Phoronix has published their review of the Intel Core Ultra 7 155H “Meteor Lake” CPU against the AMD Ryzen 7 7840U in Linux which gets utterly demolished across 370 tests in both performance and efficiency.
Intel Core Ultra 7 155H “Meteor Lake” CPU Gets Destroyed In Linux Performance & Efficiency Tests By AMD’s Ryzen 7 7840U At Same Or Lower Power
Known for its in-depth look at the Linux ecosystem, Phoronix took it upon itself to measure the performance of the Intel Core Ultra “Meteor Lake” CPUs in Linux since neither Intel nor any 3rd party vendor shared those results. Michael Larabel went out and purchased the new ACER Swift laptop featuring an Intel Core Ultra 7 155H CPU. This chip has 16 cores, 22 threads, 24 MB of L3 cache, and a TDP that ranges from 28W and up to 115W (MTP).
For comparison, an AMD Ryzen 7 7840U laptop (Framework 13) was used. The 7840U is an 8-core and 16-thread chip with 16 MB of L3 cache, up to 5.1 GHz clocks, and a TDP that ranges from 28W and scales up to 30W. Both laptops feature 16 GB of memory and were tested in Ubuntu 23.10 (in Linux 6.7-rc5) using the latest firmware for both AMD and Intel chips.
The tech outlet ran an impressive 370 benchmarks ranging from browser tests, HPC, content creation, video encoding, code compilation, audio encoding, AI benchmarks, PyTorch, GIMP, Python, PHP Scripting, and more. At the end of the tests, it was concluded that the Intel Meteor Lake “Core Ultra 7 155H” CPU was severely behind the several months-old AMD Ryzen 7 7840U.
— Phoronix (@phoronix) December 19, 2023
For comparison, the AMD Ryzen 7 7840U CPU outperformed the Intel Core Ultra 7 155H in 80% of the 370 tests with the blue team only managing a 20% lead in these benchmarks. In overall CPU-to-CPU performance, the AMD Ryzen 7 7840U offered an average of 28% faster performance at similar or lower power which is simply insane considering Meteor Lake was expected to be Intel’s return to form with class-leading efficiency.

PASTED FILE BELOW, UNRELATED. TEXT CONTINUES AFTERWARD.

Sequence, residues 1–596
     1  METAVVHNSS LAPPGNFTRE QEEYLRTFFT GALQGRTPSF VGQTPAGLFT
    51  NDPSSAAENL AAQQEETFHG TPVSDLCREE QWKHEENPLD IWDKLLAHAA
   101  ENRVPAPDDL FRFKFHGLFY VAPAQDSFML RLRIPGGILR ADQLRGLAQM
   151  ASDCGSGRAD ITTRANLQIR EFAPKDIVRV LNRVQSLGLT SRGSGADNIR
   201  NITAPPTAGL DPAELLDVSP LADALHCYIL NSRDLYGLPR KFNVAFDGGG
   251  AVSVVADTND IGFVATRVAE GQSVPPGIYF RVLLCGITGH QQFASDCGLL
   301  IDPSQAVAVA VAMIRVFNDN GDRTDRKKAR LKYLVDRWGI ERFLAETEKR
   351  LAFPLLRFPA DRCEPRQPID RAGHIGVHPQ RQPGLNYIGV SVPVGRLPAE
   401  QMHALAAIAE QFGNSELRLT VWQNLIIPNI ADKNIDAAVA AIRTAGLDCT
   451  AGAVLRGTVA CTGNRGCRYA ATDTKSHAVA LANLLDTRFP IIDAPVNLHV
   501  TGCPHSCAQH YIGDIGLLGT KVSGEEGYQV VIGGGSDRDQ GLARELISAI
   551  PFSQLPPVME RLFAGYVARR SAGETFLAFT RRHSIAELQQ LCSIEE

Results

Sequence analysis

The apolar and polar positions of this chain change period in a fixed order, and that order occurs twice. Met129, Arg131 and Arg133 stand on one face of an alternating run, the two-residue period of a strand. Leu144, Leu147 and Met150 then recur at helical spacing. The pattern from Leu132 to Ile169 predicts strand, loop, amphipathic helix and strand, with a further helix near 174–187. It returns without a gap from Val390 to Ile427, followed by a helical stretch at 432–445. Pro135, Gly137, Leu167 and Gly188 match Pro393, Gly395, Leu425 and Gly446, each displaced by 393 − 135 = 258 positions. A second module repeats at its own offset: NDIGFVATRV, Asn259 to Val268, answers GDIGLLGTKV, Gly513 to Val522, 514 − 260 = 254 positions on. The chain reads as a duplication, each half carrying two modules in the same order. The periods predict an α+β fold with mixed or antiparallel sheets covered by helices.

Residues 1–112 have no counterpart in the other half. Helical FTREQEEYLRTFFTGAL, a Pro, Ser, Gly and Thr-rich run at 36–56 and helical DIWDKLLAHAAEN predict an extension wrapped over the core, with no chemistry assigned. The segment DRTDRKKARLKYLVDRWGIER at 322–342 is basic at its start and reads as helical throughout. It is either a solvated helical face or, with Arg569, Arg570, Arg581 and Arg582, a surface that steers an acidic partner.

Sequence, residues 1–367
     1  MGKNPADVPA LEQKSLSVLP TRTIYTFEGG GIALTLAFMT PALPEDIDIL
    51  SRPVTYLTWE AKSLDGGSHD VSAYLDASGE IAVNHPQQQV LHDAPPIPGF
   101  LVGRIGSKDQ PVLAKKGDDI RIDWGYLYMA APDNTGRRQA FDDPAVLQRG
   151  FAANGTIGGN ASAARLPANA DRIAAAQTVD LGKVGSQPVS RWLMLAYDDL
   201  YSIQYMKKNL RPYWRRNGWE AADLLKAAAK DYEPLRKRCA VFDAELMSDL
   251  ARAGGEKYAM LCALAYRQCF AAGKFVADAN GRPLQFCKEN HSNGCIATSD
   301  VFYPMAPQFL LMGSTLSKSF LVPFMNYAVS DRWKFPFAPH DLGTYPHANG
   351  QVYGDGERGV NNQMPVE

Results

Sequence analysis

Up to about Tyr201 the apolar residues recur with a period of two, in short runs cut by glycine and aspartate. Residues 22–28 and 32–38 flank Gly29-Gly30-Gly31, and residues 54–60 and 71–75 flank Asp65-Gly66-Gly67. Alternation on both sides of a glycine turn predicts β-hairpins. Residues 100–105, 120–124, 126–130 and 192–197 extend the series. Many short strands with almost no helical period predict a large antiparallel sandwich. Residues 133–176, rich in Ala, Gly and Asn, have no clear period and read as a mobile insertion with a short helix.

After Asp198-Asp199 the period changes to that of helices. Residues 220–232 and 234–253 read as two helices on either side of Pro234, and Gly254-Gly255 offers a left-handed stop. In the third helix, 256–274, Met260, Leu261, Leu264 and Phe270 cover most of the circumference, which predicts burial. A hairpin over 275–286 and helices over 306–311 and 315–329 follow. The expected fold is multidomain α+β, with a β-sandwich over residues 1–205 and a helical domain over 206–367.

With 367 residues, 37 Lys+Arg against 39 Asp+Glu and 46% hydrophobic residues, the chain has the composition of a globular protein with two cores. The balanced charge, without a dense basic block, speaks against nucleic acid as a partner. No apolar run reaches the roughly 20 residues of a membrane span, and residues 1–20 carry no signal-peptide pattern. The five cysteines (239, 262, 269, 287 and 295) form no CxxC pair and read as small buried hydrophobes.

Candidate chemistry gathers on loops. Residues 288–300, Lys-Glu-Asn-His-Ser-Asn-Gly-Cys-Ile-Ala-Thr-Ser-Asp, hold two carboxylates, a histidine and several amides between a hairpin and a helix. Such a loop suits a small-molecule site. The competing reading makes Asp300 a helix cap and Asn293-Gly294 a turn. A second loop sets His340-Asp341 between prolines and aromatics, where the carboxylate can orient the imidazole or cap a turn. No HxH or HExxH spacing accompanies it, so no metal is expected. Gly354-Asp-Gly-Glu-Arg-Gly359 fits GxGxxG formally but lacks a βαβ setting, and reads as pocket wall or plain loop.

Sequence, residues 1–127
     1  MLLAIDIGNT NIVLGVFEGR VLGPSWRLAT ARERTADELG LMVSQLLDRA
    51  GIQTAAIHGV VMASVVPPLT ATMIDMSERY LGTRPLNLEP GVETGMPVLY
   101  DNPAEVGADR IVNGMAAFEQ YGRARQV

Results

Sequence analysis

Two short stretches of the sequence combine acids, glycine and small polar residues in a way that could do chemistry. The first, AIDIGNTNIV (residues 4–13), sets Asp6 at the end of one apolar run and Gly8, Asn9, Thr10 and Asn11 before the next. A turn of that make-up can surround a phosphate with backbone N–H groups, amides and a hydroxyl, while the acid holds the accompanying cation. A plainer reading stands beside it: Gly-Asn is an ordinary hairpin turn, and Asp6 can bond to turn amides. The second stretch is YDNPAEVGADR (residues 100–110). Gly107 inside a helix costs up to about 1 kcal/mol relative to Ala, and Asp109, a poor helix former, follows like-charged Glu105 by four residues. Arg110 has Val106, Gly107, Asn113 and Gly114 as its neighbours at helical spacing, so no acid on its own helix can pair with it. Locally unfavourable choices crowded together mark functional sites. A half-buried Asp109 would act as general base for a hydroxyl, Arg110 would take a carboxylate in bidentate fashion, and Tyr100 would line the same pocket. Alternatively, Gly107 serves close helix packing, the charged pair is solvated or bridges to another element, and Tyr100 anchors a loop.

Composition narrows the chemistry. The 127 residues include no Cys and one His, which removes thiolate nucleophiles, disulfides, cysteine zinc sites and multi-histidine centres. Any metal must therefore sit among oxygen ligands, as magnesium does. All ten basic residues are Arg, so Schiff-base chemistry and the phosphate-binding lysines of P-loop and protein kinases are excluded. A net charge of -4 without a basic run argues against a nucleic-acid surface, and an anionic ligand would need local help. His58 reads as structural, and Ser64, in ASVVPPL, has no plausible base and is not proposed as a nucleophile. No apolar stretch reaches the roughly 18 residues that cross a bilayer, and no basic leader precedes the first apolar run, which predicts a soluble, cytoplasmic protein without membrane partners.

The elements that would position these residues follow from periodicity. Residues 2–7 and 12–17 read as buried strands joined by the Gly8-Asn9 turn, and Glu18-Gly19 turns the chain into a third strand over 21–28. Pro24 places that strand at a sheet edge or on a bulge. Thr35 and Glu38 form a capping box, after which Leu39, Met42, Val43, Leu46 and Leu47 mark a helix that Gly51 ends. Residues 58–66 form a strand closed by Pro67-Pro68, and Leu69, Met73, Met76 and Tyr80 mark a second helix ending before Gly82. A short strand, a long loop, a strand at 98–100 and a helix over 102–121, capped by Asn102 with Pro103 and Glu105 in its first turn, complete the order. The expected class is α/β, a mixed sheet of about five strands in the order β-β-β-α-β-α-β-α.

Furthermore, the comparison was between Meteor Lake-H and an AMD Ryzen 7000U chip, this wasn’t even a 7000(HS) SKU which would’ve offered even better performance and likely retained a similar efficiency lead. Phoronix also plans on sharing more testing such as iGPU (Arc Xe vs RDNA 3) and NPU AI performance in upcoming reviews of Core Ultra CPUs.
Michael sums up the situation perfectly in his conclusion:
When taking the geometric mean of all 370 benchmark results, the Ryzen 7 7840U enjoyed a 28% lead over the Intel Core Ultra 7 155H in these Linux CPU performance benchmarks. This was all the while the Ryzen 7 7840U was delivering similar or lower power consumption than the Core Ultra 7 155H with these tests on Ubuntu 23.10 with the Linux 6.7 kernel at each system’s defaults. The Core Ultra 7 155H also had a tendency to have significantly higher power spikes than the Ryzen 7 7840U.
At least from where things stand on the CPU side, the AMD Ryzen 7 7840U currently stands stronger than the Core Ultra 7 155H for a majority of Linux CPU use-cases.
Currently, the AMD Ryzen AI isn’t fully supported on Linux as pointed out by Phoronix. Overall, this shows that Intel is shockingly falling behind AMD in Linux. The Meteor Lake chip is a relatively new architecture but Intel was offering patches and early support before launch. Surely, AMD has had months to fix & optimize the Linux performance of its Zen 4 and Ryzen 7000 mobility chips and we can expect Intel’s lineup to get better as time passes by. Even in standard reviews, Meteor Lake is still behind AMD or similar in terms of efficiency on Windows where they have Thread Director plus firmware updates but with AMD refreshing its Ryzen 8000 lineup with faster NPUs, things may get a little more heated for Meteor Lake.
Do read the full review of Intel’s Core Ultra Meteor Lake CPUs in Linux at Phoronix and also check out their full benchmark tests at Openbenchmarking.org.
Laura Adams is a tech enthusiast residing in the UK. Her articles cover the latest technological innovations, from AI to consumer gadgets, providing readers with a glimpse into the future of technology.